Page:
Review: Liverpool Biennial 2016 at ABC Cinema

Liverpool Biennial Launch, photo by Tony Knox
Liverpool Biennial Launch: ABC Cinema, photo by Tony Knox

Liverpool Biennial 2016, Various Episodes
ABC Cinema, 9th July-16th October 2016

Words by Julia Johnson, Messy Lines
Pictures by Tony Knox

It must be fun to be a location scout for the Biennial. Every two years I get to explore a city space in a new way, and this year the ABC Cinema on the corner of Lime Street is a highlight. How many times have I walked past this building and never given it a second thought? Getting to go inside feels like looking into another world, a world which has been lost to progress – if, of course, you consider being used as a poster board ‘progress’.

My whole experience in the building is somewhat eerie. When I arrive it’s almost entirely dark, save for the lights of the projections dotted around the space. These are some of Solomon Kambalu’s ‘Nyau Cinema’ creations and despite their familiar Liverpool locations, there is something unsettling about them. People cross back and forth across roads, a man takes a step he will never complete, children stare out from the screens with that sense that they may be laughing at you. As far as the only points of light go, they’re not comforting. Meanwhile, whilst negotiating my way towards the front I come across disorienting sculptural figures, my favourite of which is Oliver Laric’s Sleeping Shepherd Boy. Also on show at the Cains Brewery, it has a translucence in this light which makes it look particularly otherworldly, almost angelic in its form.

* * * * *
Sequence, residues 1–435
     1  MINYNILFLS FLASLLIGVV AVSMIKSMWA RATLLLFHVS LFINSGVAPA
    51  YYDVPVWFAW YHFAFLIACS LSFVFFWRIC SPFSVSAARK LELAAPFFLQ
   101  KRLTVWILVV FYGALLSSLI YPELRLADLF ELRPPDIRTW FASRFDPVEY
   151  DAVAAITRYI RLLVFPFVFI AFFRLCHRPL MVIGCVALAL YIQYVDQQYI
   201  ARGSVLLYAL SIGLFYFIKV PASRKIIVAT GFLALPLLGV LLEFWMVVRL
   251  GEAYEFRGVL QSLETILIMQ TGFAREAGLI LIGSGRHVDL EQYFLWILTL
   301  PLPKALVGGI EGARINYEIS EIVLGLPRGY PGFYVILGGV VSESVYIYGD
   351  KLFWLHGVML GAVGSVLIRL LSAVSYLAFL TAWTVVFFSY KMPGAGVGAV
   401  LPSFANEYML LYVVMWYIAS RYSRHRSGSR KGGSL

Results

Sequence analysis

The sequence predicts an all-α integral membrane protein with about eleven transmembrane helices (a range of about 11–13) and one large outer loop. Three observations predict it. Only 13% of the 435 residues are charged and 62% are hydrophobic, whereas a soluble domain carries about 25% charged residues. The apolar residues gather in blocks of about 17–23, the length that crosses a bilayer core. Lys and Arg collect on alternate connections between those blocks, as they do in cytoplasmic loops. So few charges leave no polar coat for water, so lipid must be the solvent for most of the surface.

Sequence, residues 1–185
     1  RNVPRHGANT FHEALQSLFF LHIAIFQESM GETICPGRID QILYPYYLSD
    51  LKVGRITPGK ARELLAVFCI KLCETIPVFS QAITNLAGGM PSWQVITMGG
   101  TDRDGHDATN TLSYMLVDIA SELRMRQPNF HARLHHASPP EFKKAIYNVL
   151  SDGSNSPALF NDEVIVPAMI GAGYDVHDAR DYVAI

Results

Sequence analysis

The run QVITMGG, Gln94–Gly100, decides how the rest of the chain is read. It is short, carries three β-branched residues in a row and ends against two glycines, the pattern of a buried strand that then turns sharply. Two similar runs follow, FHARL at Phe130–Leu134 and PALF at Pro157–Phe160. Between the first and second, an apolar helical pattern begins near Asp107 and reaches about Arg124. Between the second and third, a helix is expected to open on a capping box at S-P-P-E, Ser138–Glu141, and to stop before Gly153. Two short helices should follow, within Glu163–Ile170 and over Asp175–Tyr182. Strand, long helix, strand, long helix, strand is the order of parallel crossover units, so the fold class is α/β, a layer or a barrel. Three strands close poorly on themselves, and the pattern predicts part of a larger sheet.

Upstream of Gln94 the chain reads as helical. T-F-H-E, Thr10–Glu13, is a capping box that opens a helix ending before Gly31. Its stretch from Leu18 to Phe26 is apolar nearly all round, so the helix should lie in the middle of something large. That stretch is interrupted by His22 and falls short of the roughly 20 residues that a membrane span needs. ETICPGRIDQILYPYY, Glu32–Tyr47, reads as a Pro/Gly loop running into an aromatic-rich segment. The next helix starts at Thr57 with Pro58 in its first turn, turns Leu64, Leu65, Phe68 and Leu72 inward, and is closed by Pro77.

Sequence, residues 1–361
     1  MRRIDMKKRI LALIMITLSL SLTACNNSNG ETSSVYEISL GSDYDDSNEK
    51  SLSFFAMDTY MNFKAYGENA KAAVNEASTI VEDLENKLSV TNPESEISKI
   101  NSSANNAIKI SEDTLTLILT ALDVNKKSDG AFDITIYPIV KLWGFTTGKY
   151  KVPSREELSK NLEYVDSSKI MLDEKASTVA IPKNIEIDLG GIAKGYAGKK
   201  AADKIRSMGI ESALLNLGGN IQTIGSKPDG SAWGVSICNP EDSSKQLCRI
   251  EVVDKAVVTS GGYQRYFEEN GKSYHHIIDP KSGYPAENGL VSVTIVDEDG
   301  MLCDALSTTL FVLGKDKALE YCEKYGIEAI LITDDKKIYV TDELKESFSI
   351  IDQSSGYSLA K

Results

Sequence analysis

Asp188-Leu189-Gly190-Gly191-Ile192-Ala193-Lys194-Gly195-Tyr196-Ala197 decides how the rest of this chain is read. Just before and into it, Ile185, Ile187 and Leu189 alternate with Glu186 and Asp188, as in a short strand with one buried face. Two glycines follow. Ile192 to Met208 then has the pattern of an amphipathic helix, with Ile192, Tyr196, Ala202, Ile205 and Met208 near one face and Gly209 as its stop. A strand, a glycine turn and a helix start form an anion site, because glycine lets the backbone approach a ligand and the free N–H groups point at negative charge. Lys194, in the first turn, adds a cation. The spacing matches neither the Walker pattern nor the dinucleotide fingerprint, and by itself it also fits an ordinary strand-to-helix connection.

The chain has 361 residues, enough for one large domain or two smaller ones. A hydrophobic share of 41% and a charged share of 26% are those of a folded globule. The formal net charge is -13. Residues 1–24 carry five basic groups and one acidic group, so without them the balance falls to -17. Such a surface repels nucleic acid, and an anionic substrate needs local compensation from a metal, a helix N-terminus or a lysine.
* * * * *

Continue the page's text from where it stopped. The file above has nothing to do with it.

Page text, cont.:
These are all side-shows, however, to the main event. After all, isn’t the reason you go to the cinema to watch a film? The headline feature is 1922 – The Uncomputable by Fabien Giraud and Raphaël Siboni. In the Biennial guide it’s described as reflecting upon “Lewis Fry Richardson’s attempt to build a weather-forecast factory”. A quick Google search reveals that in 1922 the ability to predict weather was considered an impossible fantasy by most people. The fact that we now take it for granted is a testament to scientific optimism and the “march of progress”. What this film questions is if progress is a march, what has been trampled underfoot on the way?

A striking feature of 1922 – The Uncomputable is how the narration and the imagery completely contrast, and yet work together so beautifully. The male narrator is so confident and clear in his vision of a computerised utopian future that it would be easy to be lulled into his logic. But the women we see on the screen, the computers (in the original sense of people who compute), are not feeling any benefits from this vision. Their world is one of bleakness, despair and futile suffering.

Gender is a key part of this film, and seems to be used as a traditional divide between the rational and spiritual, between science and nature. If I took a message from the film, it’s that we ignore nature and the human spirit at our peril. As is becoming increasingly apparent in the real world, development without consideration of nature is leading us towards destruction. We know this, it can be predicted, and yet society carries on down this path. In this context, the narrator’s constant references to prediction and control being the answer sound like the words of obsession, rather than of reason.

At the end, the lights finally go up around the venue. For a short while, things are clearer and more visible than they have been since I arrived. And what is revealed? A space decaying thanks to what was meant to be “the future” of development. 1922 – The Uncomputable is part of the Biennial’s “Flashback” story. Its vision is not pleasant and feels, on reflection, uncomfortably close to reality. But it’s not yet one of the “Monuments from the Future” – it is a past/ future which we still, if we desire, may have a chance to change.